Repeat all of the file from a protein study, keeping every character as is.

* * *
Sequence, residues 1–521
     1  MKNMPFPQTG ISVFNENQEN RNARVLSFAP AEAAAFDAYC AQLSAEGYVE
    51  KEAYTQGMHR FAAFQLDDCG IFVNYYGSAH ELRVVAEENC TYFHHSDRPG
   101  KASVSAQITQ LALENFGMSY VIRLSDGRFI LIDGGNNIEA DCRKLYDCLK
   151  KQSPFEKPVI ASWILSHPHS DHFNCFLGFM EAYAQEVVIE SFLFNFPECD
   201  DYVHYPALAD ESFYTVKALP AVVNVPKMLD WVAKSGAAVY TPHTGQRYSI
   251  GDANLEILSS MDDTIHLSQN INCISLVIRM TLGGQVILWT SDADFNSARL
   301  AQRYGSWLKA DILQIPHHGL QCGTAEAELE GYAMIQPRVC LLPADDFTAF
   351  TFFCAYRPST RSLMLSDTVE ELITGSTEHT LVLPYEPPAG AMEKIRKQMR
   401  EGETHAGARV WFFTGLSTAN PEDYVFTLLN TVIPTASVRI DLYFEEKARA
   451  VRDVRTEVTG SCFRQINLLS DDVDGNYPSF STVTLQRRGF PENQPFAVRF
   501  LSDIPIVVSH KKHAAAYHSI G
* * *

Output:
Sequence, residues 1–521
     1  MKNMPFPQTG ISVFNENQEN RNARVLSFAP AEAAAFDAYC AQLSAEGYVE
    51  KEAYTQGMHR FAAFQLDDCG IFVNYYGSAH ELRVVAEENC TYFHHSDRPG
   101  KASVSAQITQ LALENFGMSY VIRLSDGRFI LIDGGNNIEA DCRKLYDCLK
   151  KQSPFEKPVI ASWILSHPHS DHFNCFLGFM EAYAQEVVIE SFLFNFPECD
   201  DYVHYPALAD ESFYTVKALP AVVNVPKMLD WVAKSGAAVY TPHTGQRYSI
   251  GDANLEILSS MDDTIHLSQN INCISLVIRM TLGGQVILWT SDADFNSARL
   301  AQRYGSWLKA DILQIPHHGL QCGTAEAELE GYAMIQPRVC LLPADDFTAF
   351  TFFCAYRPST RSLMLSDTVE ELITGSTEHT LVLPYEPPAG AMEKIRKQMR
   401  EGETHAGARV WFFTGLSTAN PEDYVFTLLN TVIPTASVRI DLYFEEKARA
   451  VRDVRTEVTG SCFRQINLLS DDVDGNYPSF STVTLQRRGF PENQPFAVRF
   501  LSDIPIVVSH KKHAAAYHSI G